Evidence was mounting in murder cases before suspect’s death, detectives say
SARASOTA, Fla. (WWSB) - The drifter suspected in the deaths of two women in wooded areas along U.S. 41 died Sunday morning of apparent natural causes in the Sarasota County Jail.
Investigators were painting a picture of a man with a history of violence, tying him to two recent murders, when the cases came crashing to a halt over the weekend.
William Devonshire died June 5 in the Sarasota County Jail after being treated for a brain bleed caused by a head injury last month during a epileptic seizure, authorities said.
Devonshire had refused to take medication while in jail, Sarasota Police Detective Kim Laster said at a news conference Monday.
After the seizure, doctors at Sarasota Memorial Hospital determined treatment would not be beneficial and Devonshire was returned to the jail May 27 and placed in hospice care before he died Sunday morning, Laster said.
William Devonshire was facing charges in the death of 48-year-old Kelliann Ripley. Ripley was found dead in Centennial Park Feb. 25. The medical examiner found that Ripley died due to blunt force trauma and manual strangulation.
Sarasota Police also believed that Devonshire was a strong suspect in a second eerily similar case -- The body of Vickie Levitch was found March 10 under Whitaker Bayou Bridge along North Tamiami Trail. Levitch also died from asphyxiation by strangulation, investigators said.
Detectives had pieced together a web of evidence, including surveillance video, witnesses and cell phone tracking information.
But the most damning evidence that emerged in both cases were DNA matches in the two cases, detectives said Monday.
Sarasota Police Detective Kim Laster said Devonshire willing gave police a DNA sample during their investigation.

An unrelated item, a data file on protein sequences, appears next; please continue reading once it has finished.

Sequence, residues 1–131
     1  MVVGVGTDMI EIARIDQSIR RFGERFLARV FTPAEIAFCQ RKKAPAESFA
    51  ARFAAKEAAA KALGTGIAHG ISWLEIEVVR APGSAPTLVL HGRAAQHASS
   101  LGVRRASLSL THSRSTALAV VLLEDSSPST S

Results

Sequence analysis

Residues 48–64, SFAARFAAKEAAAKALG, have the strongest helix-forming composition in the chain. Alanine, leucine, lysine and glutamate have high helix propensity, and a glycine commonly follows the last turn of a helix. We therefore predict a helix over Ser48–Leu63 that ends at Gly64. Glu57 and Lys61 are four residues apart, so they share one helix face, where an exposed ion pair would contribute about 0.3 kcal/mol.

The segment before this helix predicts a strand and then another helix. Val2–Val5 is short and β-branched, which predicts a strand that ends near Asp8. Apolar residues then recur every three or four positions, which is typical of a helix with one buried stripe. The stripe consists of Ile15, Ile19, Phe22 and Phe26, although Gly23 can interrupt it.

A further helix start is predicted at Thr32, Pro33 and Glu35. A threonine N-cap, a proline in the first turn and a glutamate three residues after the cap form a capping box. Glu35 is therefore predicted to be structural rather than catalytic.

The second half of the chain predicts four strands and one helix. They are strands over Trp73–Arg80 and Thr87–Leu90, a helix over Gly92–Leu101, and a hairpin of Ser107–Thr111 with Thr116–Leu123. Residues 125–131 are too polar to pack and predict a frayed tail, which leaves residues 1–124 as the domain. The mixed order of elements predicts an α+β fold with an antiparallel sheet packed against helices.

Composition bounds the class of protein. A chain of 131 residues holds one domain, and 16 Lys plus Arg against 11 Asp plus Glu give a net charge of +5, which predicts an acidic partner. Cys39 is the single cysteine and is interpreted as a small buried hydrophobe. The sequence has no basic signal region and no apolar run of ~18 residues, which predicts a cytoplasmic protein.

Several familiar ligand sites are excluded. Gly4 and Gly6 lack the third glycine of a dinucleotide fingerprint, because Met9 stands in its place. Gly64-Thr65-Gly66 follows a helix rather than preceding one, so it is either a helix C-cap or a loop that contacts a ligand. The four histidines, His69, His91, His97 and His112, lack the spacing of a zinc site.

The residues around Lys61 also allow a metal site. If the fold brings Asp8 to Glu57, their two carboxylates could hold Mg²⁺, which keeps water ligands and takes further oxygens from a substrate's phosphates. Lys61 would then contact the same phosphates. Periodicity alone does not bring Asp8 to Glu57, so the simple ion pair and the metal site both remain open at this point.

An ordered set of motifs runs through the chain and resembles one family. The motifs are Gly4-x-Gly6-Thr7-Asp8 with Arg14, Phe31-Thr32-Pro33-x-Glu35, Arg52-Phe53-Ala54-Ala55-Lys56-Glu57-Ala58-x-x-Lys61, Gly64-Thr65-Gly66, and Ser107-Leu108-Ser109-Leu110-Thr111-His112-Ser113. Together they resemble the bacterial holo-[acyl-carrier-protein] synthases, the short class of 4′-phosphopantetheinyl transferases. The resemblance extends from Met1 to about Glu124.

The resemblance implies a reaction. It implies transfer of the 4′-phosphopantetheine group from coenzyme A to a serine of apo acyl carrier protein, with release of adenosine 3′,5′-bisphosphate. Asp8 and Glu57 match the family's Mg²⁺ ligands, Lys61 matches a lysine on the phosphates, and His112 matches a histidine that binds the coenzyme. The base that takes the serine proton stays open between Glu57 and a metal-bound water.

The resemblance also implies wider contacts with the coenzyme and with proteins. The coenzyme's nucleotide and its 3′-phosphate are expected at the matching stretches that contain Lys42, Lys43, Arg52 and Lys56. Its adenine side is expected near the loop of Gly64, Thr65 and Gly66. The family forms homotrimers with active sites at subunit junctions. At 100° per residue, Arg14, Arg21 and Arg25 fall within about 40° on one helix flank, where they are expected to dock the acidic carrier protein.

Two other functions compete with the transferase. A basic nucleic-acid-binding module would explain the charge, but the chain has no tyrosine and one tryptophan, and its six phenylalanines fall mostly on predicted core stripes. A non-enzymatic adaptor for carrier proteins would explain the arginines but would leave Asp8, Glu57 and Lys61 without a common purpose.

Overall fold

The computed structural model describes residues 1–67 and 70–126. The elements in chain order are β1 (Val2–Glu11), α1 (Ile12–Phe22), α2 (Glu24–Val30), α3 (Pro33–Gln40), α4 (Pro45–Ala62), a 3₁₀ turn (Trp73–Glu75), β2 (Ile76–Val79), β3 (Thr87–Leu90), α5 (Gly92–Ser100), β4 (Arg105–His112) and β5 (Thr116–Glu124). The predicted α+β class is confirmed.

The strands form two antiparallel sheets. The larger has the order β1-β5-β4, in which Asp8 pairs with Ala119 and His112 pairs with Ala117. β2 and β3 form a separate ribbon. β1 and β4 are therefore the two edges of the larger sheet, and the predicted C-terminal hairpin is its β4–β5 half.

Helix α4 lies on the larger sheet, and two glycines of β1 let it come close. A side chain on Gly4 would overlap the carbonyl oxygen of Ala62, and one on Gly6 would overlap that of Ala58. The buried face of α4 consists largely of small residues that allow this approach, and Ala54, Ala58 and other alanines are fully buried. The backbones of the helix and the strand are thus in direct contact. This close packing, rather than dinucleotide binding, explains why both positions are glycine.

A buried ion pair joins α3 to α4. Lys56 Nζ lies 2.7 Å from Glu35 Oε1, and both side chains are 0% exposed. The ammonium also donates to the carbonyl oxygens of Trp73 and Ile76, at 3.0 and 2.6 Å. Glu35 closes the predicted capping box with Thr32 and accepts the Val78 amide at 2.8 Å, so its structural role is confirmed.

Sarasota Police Detective Maria Llovio said Devonshire cooperated with police during questioning. “It was a cat-and-mouse game in the interview. He was playing us as we were trying to get information out of him,” she said.
“We strongly believe that ... he felt very safe, that we were not looking at him. I believe he felt he had covered his tracks very well, which is why we think he provided his DNA swab.”
His DNA matched evidence found at the two murder scenes. Llovio said lab results showed Devonshire’s DNA was found on Levitch’s hands and on branches used to hide the body. Police were preparing to charge Devonshire with Levitch’s murder when they found out he had died over the weekend.
Devonshire, described a homeless drifter, began his criminal career as a 14-year-old in Delaware. By the time he left prison in that state in 2013, he had been arrested more than 69 times, on charged including domestic battery, aggravated assualt, sexual battery and robbery
In 2003, he was charged with first-degree murder, Assistant State Attorney Karen Fraivillig told reporters in Sarasota Monday. The charges were eventually reduced to second-degree murder. He was released in 2013, and moved to Sarasota.
In 2018 he was convicted of felony battery and burglary and served three years in the Florida prison system. he was released in Aug. 2021.
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